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Doctor Zhivago says Egypt improving on religious tolerance
Published in Bikya Masr on 02 - 02 - 2010

CAIRO: Legendary Egyptian actor Omar Sharif believes that Egypt has made huge steps towards religious tolerance in recent years and that his home country is doing “well” because there is “no huge resentment between people of different religion.”
The 77-year-old was speaking before a capacity audience of nearly 700 at St John’s Church in Maadi during its second annual Caravan Festival of the Arts on Monday night, whose theme this year is ‘Harmony – East & West’ – focusing on building bridges between Muslims and Christians through literature, art, music and film.
Sharif was on hand to introduce his role in the controversial interfaith film, ‘Hassan and Morqos’, which was considered to be blasphemous by conservatives and religious fundamentalists when it went on general release in Egypt in 2008.
He praised the Egyptian government for being “civilized” whilst striving to bring harmony between the various religious sects by establishing diplomatic relationships with Israel, and he also congratulated Egyptians for being “friendly with the Jews.”
Despite his advancing years, the three-time Golden Globe winner remains an ardent and active supporter of interfaith dialogue and friendships.
“When I was a child, I went to English school in Cairo, and I swear that we never knew who was Jewish, Muslim or Christian. We didn’t care – even if their names were a little strange sometimes,” said Sharif.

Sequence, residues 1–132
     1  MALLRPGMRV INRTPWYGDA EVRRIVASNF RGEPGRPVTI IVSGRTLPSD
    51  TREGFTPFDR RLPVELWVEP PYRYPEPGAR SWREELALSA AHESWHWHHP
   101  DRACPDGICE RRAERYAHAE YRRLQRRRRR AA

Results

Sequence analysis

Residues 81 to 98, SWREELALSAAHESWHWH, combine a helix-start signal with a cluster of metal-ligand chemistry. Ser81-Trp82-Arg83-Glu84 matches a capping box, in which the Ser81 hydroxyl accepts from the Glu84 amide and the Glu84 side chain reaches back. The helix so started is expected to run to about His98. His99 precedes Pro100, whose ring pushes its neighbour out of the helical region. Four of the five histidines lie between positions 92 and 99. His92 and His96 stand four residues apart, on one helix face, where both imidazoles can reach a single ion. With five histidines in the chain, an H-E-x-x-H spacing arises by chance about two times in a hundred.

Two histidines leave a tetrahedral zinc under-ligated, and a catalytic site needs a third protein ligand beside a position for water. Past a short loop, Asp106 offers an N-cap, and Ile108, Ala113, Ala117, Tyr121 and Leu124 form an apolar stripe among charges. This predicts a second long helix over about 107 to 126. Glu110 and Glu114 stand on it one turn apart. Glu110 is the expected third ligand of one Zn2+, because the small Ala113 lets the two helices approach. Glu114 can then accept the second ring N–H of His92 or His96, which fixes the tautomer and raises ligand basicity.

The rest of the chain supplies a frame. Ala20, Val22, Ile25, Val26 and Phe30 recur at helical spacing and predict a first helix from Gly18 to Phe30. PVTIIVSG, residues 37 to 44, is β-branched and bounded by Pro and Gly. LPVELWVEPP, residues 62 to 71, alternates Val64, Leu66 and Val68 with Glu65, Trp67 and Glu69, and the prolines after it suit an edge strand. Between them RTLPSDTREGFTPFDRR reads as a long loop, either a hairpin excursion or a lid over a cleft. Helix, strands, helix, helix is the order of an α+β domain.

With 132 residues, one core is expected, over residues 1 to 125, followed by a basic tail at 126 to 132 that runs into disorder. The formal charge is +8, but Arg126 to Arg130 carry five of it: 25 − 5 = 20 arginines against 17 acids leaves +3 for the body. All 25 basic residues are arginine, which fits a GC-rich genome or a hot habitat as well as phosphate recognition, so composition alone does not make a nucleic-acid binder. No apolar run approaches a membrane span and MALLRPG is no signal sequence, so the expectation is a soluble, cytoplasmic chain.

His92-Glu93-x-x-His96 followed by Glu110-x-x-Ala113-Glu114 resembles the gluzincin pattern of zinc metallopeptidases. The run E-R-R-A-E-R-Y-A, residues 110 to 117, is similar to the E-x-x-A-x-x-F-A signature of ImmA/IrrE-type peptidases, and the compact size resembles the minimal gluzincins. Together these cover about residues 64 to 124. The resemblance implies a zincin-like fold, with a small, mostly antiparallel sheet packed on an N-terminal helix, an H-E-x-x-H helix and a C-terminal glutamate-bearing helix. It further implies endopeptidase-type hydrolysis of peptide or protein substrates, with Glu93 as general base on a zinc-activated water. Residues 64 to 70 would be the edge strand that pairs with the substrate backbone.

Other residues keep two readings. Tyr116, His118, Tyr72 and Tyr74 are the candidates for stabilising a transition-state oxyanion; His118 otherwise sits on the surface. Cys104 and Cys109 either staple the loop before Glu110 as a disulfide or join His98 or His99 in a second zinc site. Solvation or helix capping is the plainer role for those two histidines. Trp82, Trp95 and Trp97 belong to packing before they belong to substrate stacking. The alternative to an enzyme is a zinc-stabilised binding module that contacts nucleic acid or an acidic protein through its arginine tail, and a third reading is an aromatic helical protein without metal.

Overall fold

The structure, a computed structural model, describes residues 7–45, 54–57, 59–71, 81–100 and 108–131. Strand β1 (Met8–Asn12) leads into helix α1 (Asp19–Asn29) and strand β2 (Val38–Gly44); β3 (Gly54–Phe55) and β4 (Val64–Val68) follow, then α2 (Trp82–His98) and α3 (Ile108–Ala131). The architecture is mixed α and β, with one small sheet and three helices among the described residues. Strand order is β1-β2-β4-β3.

The star of ‘Doctor Zhivago’ and ‘Lawrence of Arabia’ also admitted to being something of a fantasist on interfaith matters by stating that, “we should always love each other … yes, it sounds stupid but I have a feeling that people hate each other, and I try now in my old age to fight this (hatred). We should love each other.”
Sharif also admitted to being the target of numerous attacks by the media, religious authorities and even a fatwa from Osama bin Laden during a long career in which he has played Muslim, Christian and Jewish roles.
“I played Saint Peter once (in the Italian production of ‘San Pietro’ in 2005), and when I asked the Vatican why they chose me for the lead even though I’m an Arab, they said it’s because I look like St. Peter,” he related.
“I played him all the way up to his crucifixion, and one of the lines I had to say was “Jesus is the son of God”, which bin Laden considered to be blasphemous – and he told me so on his own blog! Yes, Osama has a blog – it’s not just CNN that has a blog. So I wrote back to him on his blog,” the actor added.
Sharif also came in for some heavy criticism from both the Arab and American Jewish press for the film ‘Funny Girl’ in which he played a New Yorker, alongside Barbra Streisand.
The shooting of the film coincided with the 1967 Six-Day War between Israel and its Arab neighbors, and an Arab actor romancing a Jewish actress on the big screen was a step too far for some in the press.
And Sharif’s response to his critics: “It was only a musical and nothing more.”
Later, when asked by Time and Life magazines what he made of these vitriolic attacks, Sharif cheekily answered “I never ask a girl her religion or her nationality before I kiss her.”
Sharif closed his 20-minute speech by reiterating his belief that Western-style democracy does not work in the Middle East.